Delhi High Court Vijay Bajaj vs State Of Nct Of Delhi & Anr. on 11 April, 2012Author: Suresh Kait
* IN THE HIGH COURT OF DELHI AT NEW DELHI
+ CRL.M.C. No.3013/2011 &Crl.M.A.No.10624/2012
% Judgment reserved on: 16th February, 2012 Judgment delivered on: 11th April, 2012
VIJAY BAJAJ ….. Petitioner Through:Mr.Praveen Chauhan, Advocate
STATE OF NCT OF DELHI & ANR. ….. Respondents Through:Mr.Navin Sharma, APP for the
Mr.Jai Bansal, Advocate for respondent
HON’BLE MR. JUSTICE SURESH KAIT
SURESH KAIT, J.
1. Vide the instant petition; the petitioner has sought to quash the FIR No.33/2009, registered at police station Bharat Nagar, Delhi for the offences punishable under Section 120B Indian Penal Code, 1860 against him, also sought to quash the consequential proceedings pending before learned Metropolitan Magistrate, Rohini Courts, Delhi.
2. The petitioner herein is the brother-in-law of respondent No.2, and is resident of Lucknow, (UP). On 31.05.2008, petitioner alongwith other family members visited the house of the respondent No.2 for marriage discussions of the petitioner’s brother namely Pramod Kumar Bajaj @ Parmod Bajaj @ P. K. Bajaj – pursuant to the matrimonial Crl.M.C.No.3013/2011 Page 1 of 12 advertisement published on 27.04.2008 wherein the brother of the petitioner did furnish his matrimonial status as ‘widowed’. Therefore, on 28.12.2008, the brother of the petitioner got married to respondent No.2 as per Hindu rites and ceremonies.
3. After the marriage, respondent No.2 joined her matrimonial house in Mumbai. However, due to some incompatibility respondent No.2 left her matrimonial home on 21.01.2009 and returned back to her parent’s house in Delhi. On 26.10.2009 respondent No.2 lodged her complaint with Commissioner of Delhi Police against petitioner and his brother. Pursuant to the aforesaid complaint, Delhi Police lodged the FIR against petitioner and his family members for the offences punishable under Section 498A/406/323/506/420/120B Indian Penal Code, 1860.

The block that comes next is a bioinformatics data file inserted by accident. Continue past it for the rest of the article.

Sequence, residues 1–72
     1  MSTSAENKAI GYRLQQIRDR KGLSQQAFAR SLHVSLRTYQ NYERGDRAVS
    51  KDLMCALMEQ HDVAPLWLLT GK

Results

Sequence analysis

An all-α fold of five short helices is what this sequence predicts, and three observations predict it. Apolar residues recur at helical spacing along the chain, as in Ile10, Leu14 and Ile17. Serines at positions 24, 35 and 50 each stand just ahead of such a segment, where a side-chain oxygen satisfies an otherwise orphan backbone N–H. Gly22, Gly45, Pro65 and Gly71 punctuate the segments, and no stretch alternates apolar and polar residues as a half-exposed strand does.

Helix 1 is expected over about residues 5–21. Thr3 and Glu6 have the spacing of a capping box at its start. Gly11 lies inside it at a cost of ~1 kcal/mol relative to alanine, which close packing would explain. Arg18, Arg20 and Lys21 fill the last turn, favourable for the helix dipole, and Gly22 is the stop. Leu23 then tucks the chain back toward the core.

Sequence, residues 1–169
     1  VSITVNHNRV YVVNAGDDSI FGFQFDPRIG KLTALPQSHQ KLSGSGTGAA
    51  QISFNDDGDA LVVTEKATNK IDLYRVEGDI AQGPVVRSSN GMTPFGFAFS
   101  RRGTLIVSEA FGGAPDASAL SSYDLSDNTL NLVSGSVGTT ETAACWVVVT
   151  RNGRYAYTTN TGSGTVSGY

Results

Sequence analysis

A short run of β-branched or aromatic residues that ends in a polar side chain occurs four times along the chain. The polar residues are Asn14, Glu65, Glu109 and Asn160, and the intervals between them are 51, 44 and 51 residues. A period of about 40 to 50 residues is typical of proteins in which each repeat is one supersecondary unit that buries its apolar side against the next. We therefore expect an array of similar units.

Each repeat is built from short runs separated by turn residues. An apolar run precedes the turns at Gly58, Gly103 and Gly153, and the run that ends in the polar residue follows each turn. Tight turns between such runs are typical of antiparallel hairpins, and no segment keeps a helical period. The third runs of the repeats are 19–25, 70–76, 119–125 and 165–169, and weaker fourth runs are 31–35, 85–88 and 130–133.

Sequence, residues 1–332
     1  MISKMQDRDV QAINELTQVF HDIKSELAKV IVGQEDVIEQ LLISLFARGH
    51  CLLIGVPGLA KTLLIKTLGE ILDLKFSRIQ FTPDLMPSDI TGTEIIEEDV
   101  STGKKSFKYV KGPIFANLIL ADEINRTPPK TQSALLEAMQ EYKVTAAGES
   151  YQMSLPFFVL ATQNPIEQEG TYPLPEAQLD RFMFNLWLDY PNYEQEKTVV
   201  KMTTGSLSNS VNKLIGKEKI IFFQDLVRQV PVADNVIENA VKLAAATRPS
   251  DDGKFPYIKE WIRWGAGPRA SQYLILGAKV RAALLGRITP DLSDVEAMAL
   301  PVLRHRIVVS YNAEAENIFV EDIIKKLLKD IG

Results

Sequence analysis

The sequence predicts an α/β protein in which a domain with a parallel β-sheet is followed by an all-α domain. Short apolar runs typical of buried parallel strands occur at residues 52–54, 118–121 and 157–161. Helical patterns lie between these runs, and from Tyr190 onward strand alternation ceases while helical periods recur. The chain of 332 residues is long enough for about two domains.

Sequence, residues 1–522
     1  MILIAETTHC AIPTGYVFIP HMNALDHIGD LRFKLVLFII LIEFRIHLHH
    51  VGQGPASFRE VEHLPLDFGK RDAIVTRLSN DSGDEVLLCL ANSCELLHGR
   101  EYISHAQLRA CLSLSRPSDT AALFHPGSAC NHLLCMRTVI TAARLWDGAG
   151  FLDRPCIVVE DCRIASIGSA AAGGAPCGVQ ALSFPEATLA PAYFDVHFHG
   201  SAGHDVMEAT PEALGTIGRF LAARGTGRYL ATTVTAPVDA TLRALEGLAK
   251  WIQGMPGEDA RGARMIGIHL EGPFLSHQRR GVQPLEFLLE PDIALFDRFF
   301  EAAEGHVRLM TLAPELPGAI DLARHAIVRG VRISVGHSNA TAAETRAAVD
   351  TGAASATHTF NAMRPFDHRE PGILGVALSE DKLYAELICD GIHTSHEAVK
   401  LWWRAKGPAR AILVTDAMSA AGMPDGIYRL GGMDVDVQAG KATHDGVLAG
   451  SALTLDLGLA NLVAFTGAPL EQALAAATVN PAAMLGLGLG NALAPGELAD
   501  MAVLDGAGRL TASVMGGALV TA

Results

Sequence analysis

4. After the investigation, the police charge-sheeted the petitioner for the offence punishable under Section 120B Indian Penal Code, 1860 only, in aforementioned FIR.
5. Respondent No.2 left her matrimonial house at Mumbai on her own will and choice, after staying a few days only. The petitioner neither visited their house at Mumbai nor talk to his brother (husband of respondent No.2) or mother over phones.
6. The allegations against the petitioner in the charge-sheet are that on 21.12.2008 Parmod Bajaj(husband of respondent No.2) alongwith petitioner /Vijay Kumar Bajaj came for marriage ceremony talks. In the meanwhile, parents of respondent No.2 visited Mumbai to confirm
Crl.M.C.No.3013/2011 Page 2 of 12 the facts about him (brother of petitioner). It is further alleged that petitioner alongwith Smt.Sushila Bajaj, Smt.Kamlesh Bajaj, and his sisters had accompanied in the marriage of aforementioned Parmod Kumar Bajaj having personal knowledge that he was already married, therefore, the respondent No.1 filed the charge-sheet against petitioner for the offence punishable under Section 120B Indian Penal Code, 1860.
7. Learned counsel appearing on behalf of the petitioner submits that the ‘criminal conspiracy’ has been defined under Section 120A Indian Penal Code, 1860. For convenience, same is reproduced as under:-
“120A. Definition of criminal conspiracy.- When two or more persons agree to do, or cause to be done,–
(1) an illegal act, or